A new role emerges at organizations where technology is at the core of products.
As more organizations seek to build the latest and greatest tech advances, many of them are seeking a new type of program manager: a technical program manager (TPM). Though this is a relatively recent role in the tech industry, TPMs have gained significant prominence over the last five years.
The role is not a program manager in the traditional sense. It replaces the typical project or program manager job with another, it’s a marriage of two distinct responsibilities, software architect and program manager. The reason for the evolution and growth of this role is simple: Project and program managers are more effective when they thoroughly understand and can communicate effectively about the underlying technology they are responsible for building.
The TPM’s core responsibility is to lead the buildout of complex software products. Large tech companies now have disparate teams that need to enable each other so they can effectively deliver on their common goals. This means that the people leading these project teams must understand the underlying software they are building, and they must also be able to interact effectively with the many other teams across the organization. Technical know-how and expert communication skills are both necessary to articulate the inner workings and finer points of the software being developed.
TPM in Action
Take, for example, a tech company developing a ride-sharing app. The company likely would have more than 30 teams focusing only on the various end-user use cases. Each team would be responsible for building various pieces of the app, including user account creation, setting up payment methods, uploading profile pictures, getting riders’ location info, estimating the fares, sending push notifications to drivers, facilitating communication between users and drivers, and calculating and settling the payment for the rides. As you can see, even a cursory look at the use cases brings multiple teams into the picture.
This is where a TPM becomes so important. Every team building a technology product is working on multiple projects, and the team’s TPM aims to drive his or her pieces of the puzzle to excellence. But the TPMs also are constantly working to understand and bring to life the vision of the product manager, who is engaging with cross-functional teams to manage both upstream and downstream dependencies. Because they are negotiating to unblock and help speed up the team’s delivery, TPMs are like a CEO or COO of the software development program. They are ready to do whatever it takes to enable the team.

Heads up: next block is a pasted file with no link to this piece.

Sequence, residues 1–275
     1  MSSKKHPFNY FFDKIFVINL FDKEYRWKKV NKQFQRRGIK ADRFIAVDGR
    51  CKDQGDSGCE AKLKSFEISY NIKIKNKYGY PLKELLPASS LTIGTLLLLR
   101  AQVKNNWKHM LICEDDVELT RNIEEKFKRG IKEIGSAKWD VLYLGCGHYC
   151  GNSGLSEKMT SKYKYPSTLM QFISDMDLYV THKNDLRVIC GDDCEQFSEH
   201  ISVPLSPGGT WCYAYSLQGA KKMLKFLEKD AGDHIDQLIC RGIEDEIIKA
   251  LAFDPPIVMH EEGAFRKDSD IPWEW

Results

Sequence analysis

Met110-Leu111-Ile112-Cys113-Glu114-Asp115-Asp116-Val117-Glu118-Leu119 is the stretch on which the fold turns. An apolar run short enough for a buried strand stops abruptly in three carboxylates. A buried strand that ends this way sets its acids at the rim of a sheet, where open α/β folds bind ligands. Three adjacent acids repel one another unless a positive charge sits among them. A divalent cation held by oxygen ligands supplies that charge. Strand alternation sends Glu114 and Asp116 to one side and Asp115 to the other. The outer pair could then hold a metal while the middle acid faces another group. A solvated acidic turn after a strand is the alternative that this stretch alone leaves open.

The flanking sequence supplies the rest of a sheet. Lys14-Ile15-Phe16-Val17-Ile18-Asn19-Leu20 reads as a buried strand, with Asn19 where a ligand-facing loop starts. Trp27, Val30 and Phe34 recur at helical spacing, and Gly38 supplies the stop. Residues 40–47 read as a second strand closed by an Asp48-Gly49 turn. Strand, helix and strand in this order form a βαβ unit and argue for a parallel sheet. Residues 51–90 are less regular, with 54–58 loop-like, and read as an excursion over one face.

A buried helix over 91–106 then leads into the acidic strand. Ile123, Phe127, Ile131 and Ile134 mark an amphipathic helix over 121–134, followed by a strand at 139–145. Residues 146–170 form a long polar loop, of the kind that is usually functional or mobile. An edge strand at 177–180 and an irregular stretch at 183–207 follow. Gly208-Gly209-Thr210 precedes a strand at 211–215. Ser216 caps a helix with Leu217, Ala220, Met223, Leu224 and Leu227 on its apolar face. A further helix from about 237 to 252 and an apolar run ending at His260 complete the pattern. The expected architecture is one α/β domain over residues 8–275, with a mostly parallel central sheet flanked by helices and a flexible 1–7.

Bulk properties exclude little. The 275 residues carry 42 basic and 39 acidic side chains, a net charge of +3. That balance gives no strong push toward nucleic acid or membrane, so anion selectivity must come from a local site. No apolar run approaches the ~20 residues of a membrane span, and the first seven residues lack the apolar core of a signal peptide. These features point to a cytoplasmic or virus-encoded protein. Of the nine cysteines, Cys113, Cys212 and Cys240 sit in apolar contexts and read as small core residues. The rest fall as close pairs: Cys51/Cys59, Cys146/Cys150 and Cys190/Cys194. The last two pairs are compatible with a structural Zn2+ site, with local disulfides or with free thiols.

In addition, the dawn of microservices—in which applications are built as a suite of modular services, each supporting a specific business goal—has added to the overhead of communication. For example, a mobile application that has several features, each having its own microservice for users to sign in, search and process payments, raises the need for skilled communicators.
If you are building a product or service with technology as its backbone, you are likely going to have many dependencies across teams, which means someone needs to be responsible for all the back and forth—the TPM.
As a principal TPM at Oracle, I work across several teams to drive programs that span multiple business units. Since Oracle is a technology company at its core, it is essential that the people managing its programs have a solid base of project management skills as well as sharp technical acumen to effectively communicate and resolve issues.
While the new role is mostly found at tech organizations, I believe that will change because traditional organizations tend to follow the trends that start at tech leaders. As tech becomes the core of a growing number of products and services—at both tech companies and nontech companies—demand for TPMs will rise. Eventually, I expect it will be a cornerstone role in tech and non-tech organizations alike.
Mario Gerard, PMP, is a principal technical program manager at Oracle, Seattle, Washington, USA.